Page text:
US Truckers Prepare as ELD Deadline Approaches

Shippers in the United States are bracing for a trucking speed bump as the Dec. 16 deadline for motor carriers and truck drivers to switch from automatic onboard recording devices (AOBRDs) to federally mandated electronic logging devices (ELDs) approaches. Businesses that haven't quizzed trucking suppliers about their ELD readiness could hit a holiday roadblock.

On a macro level, no one knows how many carriers using the older AOBRDs - which were grandfathered for two years when the ELD mandate took effect in December 2017 - are still in the midst of the transition, let alone how many haven't even begun to make the switch. Even with an abundant supply of trucks, shippers that haven't planned ahead could come up short.

Part of the problem is the complexity of the switch, and the fact that ELD technology has continued to evolve. "The industry as a whole would have liked to transition earlier, but the providers didn't have software ready at the time," said Michael Owings, vice president of corporate services and support at less-than-truckload (LTL) carrier Southeastern Freight Lines.

Shippers may also feel more supply-and-demand tension simply because more fleets have made the leap from AOBRDs to ELDs and are tightening their control over truck driver working hours as a result. "With AOBRDs it was easier to find logging loopholes in how you move a truck," said Jeremy Stickling, chief administrative officer of truckload carrier Nussbaum Transportation.

For example, unlike AOBRDs, ELDs register a driver as "on-duty" once a truck begins traveling faster than 5 miles per hour (mph). That's occasionally proven problematic for Nussbaum when tractor-trailers stay overnight at a customer's site and are loaded or unloaded early the next morning, Stickling said.

For months, truck telematics and ELD vendors have been warning that a delay in replacing AOBRDs could at least crimp truck capacity just before the holidays, affecting last-minute deliveries. Early adopters have already built training programs for drivers as well as staff, developed new policies, and adapted operations to new ELD software.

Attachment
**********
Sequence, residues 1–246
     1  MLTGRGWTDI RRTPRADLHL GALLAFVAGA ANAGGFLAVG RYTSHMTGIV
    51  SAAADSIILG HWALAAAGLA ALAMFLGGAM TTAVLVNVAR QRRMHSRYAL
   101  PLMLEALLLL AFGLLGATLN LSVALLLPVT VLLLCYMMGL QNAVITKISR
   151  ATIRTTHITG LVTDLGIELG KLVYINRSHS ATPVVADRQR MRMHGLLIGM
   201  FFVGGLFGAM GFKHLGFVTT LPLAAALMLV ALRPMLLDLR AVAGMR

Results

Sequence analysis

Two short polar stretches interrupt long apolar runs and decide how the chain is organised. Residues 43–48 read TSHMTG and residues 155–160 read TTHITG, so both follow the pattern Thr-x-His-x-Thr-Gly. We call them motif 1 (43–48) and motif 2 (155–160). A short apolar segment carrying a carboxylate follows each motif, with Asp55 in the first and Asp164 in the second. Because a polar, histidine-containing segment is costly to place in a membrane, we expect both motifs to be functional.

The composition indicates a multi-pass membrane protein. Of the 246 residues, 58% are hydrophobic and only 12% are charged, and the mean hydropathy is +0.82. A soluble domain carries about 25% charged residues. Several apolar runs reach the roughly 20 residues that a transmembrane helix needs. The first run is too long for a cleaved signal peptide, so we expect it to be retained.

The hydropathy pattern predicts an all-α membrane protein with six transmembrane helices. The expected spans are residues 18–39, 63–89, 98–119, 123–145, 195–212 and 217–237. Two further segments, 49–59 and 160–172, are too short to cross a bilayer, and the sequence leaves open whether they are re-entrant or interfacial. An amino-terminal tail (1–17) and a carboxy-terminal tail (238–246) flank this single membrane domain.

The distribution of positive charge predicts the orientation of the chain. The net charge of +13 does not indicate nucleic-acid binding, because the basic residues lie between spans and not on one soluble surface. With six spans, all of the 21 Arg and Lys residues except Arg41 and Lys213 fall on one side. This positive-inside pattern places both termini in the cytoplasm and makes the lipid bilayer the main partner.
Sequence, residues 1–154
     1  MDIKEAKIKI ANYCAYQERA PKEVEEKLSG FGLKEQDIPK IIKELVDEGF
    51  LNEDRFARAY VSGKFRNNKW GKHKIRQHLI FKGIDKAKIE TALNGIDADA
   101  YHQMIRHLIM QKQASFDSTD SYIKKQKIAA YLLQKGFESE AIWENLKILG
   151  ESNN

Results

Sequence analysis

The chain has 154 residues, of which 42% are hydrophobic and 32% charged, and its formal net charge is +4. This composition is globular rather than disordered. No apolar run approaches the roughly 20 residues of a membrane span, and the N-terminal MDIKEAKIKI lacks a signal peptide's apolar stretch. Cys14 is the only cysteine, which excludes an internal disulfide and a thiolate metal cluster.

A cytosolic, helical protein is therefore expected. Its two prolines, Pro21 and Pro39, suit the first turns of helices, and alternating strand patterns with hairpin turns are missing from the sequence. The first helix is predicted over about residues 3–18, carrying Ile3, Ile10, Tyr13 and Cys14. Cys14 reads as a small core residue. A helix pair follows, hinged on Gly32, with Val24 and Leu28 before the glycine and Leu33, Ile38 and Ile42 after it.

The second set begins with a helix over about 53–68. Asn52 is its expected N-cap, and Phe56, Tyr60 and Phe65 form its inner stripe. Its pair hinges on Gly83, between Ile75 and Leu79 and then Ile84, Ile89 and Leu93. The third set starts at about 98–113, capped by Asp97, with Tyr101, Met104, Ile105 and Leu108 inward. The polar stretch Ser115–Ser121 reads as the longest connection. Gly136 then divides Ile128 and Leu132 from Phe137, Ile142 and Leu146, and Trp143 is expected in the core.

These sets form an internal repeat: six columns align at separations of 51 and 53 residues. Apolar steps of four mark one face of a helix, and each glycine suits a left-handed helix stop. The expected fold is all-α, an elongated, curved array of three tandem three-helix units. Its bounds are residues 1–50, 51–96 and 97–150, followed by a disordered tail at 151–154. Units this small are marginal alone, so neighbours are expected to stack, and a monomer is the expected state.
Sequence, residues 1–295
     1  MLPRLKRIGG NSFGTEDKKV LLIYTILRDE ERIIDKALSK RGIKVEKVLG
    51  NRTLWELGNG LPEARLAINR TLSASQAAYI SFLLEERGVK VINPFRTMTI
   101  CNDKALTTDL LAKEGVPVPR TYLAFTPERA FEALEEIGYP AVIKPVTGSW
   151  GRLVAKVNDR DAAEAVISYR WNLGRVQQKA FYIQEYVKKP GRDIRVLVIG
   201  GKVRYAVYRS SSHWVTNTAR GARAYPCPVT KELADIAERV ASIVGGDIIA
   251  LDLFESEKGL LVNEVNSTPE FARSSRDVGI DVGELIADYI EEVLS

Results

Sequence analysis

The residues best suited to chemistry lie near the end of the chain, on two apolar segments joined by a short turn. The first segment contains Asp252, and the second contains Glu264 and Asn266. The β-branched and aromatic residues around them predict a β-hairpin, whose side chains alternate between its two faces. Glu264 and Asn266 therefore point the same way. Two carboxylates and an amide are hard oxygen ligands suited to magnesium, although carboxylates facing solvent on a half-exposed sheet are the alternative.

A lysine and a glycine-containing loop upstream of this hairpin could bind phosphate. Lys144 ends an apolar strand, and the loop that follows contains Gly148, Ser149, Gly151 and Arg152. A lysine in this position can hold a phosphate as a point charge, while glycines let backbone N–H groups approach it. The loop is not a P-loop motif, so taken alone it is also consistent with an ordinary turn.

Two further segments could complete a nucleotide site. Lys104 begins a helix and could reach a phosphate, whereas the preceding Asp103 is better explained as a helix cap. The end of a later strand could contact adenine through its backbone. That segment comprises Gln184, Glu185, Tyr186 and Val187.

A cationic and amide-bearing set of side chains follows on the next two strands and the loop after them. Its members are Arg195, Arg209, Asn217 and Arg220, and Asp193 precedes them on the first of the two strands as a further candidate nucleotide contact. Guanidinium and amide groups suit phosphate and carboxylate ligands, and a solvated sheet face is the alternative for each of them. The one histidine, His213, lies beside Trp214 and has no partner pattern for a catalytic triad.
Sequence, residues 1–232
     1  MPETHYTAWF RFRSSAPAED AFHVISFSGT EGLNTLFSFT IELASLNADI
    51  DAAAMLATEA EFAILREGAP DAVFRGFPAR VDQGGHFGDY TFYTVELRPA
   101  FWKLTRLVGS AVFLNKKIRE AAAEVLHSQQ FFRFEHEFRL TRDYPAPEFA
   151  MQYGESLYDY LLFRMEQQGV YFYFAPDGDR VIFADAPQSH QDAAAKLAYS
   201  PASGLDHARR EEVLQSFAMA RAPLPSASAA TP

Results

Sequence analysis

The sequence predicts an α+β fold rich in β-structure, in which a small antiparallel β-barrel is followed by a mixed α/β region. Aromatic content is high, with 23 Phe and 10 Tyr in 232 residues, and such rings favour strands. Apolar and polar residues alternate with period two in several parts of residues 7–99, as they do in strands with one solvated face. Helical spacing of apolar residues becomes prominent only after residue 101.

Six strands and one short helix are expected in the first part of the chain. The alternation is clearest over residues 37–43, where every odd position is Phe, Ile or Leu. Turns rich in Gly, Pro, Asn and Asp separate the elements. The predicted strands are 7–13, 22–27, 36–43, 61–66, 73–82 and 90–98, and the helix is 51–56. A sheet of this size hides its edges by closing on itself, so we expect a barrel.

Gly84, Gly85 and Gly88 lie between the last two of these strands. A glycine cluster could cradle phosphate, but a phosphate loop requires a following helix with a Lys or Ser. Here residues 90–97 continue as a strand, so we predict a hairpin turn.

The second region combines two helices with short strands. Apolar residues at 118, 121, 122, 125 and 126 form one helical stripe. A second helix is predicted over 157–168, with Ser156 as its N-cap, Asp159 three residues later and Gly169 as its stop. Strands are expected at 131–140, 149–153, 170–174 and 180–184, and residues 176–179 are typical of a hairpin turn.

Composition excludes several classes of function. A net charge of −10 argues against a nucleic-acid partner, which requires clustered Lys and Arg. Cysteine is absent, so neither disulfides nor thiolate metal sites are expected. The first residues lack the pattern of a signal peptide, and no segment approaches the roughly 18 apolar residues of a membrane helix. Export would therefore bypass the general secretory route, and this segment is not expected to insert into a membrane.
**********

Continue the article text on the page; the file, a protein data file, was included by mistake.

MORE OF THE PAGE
LTL carrier Old Dominion Freight Line (ODFL), for example, discovered software was not available to integrate new ELDs into its existing fleet management systems. The company eventually changed suppliers and completed the transition in November.

For Southeastern, the AOBRD-to-ELD journey took six months, starting in May this year and ending Nov. 11. The Lexington, South Carolina-based regional carrier had to install new software and equipment in nearly 3,200 trucks and tractors and train more than 4,000 drivers who work from nearly 90 terminals from El Paso, Texas, to Norfolk, Virginia.

"It went well, but it did take a very long time," Owings said. "We sent teams from our safety department and operations to every location to do onsite training. We would convert all the tractors during the training, and then the drivers would come out and log in to the ELD. Our team would be there for a couple of days to help as they got used to the system."

Carriers that have made the switch find the ELD transition leads to a vast increase in the amount of data they receive, compared with what they used to get from the AOBRD. "You have a lot more status changes, a more granular view of what's going on in the trucker's day," said Stickling. "There's a lot more for the safety department to monitor."